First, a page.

Another crucial area that needs to be considered is the role of sleep in the creative process; sleep not only cleans detritus out of our brains, but sleep allows new information learned during the waking period, to become better embedded in the brain. Sleep aids in healing and growth; growth of neuronal connections is vital to the creative process as is the pruning of unneeded neuronal connections. Sleep allows the brain to reorganize all of the input that has come into the brain during the waking period; this sleep period also allows weaker subsystems in the brain that are overwhelmed during the day, to emerge as the stronger systems are on hold. This is the origin of the A HA! moment. There are many documented instances of the answer to a critical question to a problem that come in dreams, like the invention of the sewing machine.
The inventor of the sewing machine was having a difficult time getting the thread to work; one night, during a dream, he saw the answer in the spear points that he dreamed of that night. They had holes in the tips, which when he applied this to the needles, it allowed the thread to properly loop, solving the problem he was having with his invention, that has changed the world.
The point that I hope to make for all people, artists and those who are not artists, is that we can all be creative, we can all do things to enhance our creativity, with sleep being the number one thing that we can all do, for free.
Stop by Artistic Portland to see and purchase Colleen's illuminated mosaics and hand-drawn coloring books!
This week's blog post is written by local artist Colleen Patricia Williams.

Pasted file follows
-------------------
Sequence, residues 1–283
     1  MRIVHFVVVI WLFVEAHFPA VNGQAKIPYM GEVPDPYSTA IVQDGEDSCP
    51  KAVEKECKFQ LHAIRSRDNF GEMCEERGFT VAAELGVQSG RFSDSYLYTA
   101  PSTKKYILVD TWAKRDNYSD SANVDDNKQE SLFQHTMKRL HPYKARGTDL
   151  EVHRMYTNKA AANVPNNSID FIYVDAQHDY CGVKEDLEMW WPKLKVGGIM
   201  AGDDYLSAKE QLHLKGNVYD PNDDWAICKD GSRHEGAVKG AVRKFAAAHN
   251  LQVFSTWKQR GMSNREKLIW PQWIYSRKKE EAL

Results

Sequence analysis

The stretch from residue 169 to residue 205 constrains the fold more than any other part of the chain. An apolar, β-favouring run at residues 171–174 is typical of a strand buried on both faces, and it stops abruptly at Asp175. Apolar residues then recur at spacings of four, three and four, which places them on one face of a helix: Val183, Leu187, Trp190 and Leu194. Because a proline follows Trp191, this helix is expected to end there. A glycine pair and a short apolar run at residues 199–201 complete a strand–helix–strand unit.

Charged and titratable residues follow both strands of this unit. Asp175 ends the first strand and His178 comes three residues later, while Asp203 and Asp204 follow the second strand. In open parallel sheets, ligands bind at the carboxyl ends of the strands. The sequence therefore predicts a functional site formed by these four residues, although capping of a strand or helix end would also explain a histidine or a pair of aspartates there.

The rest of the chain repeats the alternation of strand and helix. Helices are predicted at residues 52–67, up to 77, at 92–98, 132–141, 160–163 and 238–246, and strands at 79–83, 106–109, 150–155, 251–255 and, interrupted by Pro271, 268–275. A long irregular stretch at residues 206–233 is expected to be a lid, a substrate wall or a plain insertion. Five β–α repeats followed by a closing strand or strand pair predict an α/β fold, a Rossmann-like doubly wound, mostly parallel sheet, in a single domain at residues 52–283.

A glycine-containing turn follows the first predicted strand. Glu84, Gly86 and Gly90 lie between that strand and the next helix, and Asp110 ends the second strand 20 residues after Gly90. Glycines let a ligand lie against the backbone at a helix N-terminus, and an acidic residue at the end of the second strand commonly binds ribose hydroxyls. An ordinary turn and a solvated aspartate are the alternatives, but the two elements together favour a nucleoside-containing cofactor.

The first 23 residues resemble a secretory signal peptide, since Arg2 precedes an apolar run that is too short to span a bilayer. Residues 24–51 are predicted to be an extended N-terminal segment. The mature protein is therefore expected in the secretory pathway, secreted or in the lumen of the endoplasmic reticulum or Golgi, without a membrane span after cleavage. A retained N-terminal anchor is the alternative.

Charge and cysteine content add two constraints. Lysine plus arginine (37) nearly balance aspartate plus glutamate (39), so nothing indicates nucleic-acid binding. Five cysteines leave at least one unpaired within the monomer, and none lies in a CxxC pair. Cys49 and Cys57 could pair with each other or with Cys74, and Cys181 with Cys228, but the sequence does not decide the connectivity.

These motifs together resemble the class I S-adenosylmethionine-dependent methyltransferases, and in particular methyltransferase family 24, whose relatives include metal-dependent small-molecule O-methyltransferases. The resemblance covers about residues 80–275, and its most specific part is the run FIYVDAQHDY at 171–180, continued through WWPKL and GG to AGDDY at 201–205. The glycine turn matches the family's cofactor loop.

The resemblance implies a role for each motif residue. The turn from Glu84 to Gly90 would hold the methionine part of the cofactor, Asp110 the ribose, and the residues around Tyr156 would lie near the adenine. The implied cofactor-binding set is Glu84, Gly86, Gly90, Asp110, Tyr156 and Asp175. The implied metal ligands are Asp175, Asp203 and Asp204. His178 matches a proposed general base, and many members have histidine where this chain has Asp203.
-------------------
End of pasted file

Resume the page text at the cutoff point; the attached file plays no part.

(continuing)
Coloring books are no longer reserved for children. They are a great way for adults to relax and ease away the stress of the day. Research shows that coloring can be beneficial to the health of the colorer, that it can be as beneficial as meditation, as well as being a way to engage in the creative process.
Coloring books come in many different choices; there are small pocket-sized coloring books, there are large coloring books and there are coloring books that tell a story as the book goes on. These books can be colored with pencils, crayon, watercolor and markers.
The designs also range from animals and flowers to mandalas, the Tibetan designs that assist in meditation. There is an interesting side note regarding the mandalas; there is a certain religious belief amongst fringe Christians that coloring mandalas will call up demons. The mandala is a beautiful repeating circular design that most of us love and that has a long tradition in Tibetan Buddhism.
In Tibet, mandalas are often drawn with colored sands, in painstaking details. But the beauty is ephemeral; when the mandala is done, the monks then sweep it away, to demonstrate the fleeting nature of life and beauty. To watch one of these being created is a joy; the monks use their hands to dribble out the colored sands to create these intricate works of art. The colored sands on the bare floor of the temples seem to glow before they are brushed away.
While we can’t recreate that special glow, we can use the coloring book to create our own mandalas, but lasting images that can be framed or left in the book to look at later. The act of creating that mandala is the fun part!
The other designs that these coloring books come in are abstract designs, as well as designs that include flowers, birds and other animals. Coloring books make great gifts for kids, teens and adults that are hard to buy for. Include a set of watercolor pencils and the gift has the best of both dry and wet media! Watercolor pencils allow the coloring of fine details and then later, a brush with a damp paint brush to create watercolor blending and other watercolor effects.
Here at Artistic Portland, we have coloring books as well as individual coloring sheets that come with a marker for that ride home on the Max. We have different designs with more to come!